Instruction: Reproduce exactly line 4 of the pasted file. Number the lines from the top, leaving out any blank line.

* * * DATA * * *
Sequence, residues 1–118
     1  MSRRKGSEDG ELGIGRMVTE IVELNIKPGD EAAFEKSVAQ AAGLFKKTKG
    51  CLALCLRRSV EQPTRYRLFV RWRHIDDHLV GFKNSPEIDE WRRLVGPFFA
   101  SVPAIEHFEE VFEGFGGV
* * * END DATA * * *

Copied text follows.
   101  SVPAIEHFEE VFEGFGGV